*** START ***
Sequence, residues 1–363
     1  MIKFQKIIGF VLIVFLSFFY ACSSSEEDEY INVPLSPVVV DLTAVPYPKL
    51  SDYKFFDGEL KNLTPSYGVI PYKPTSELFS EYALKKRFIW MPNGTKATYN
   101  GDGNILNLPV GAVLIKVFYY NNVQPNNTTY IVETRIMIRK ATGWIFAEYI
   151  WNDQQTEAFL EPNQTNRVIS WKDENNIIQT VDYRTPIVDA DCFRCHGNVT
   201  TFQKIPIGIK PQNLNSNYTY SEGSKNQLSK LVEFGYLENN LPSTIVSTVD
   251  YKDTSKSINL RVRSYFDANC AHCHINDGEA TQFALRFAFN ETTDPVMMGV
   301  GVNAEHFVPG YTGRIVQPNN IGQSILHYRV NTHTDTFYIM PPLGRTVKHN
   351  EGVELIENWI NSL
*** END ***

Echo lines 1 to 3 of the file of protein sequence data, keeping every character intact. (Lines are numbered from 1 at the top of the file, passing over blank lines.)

Sequence, residues 1–363
     1  MIKFQKIIGF VLIVFLSFFY ACSSSEEDEY INVPLSPVVV DLTAVPYPKL
    51  SDYKFFDGEL KNLTPSYGVI PYKPTSELFS EYALKKRFIW MPNGTKATYN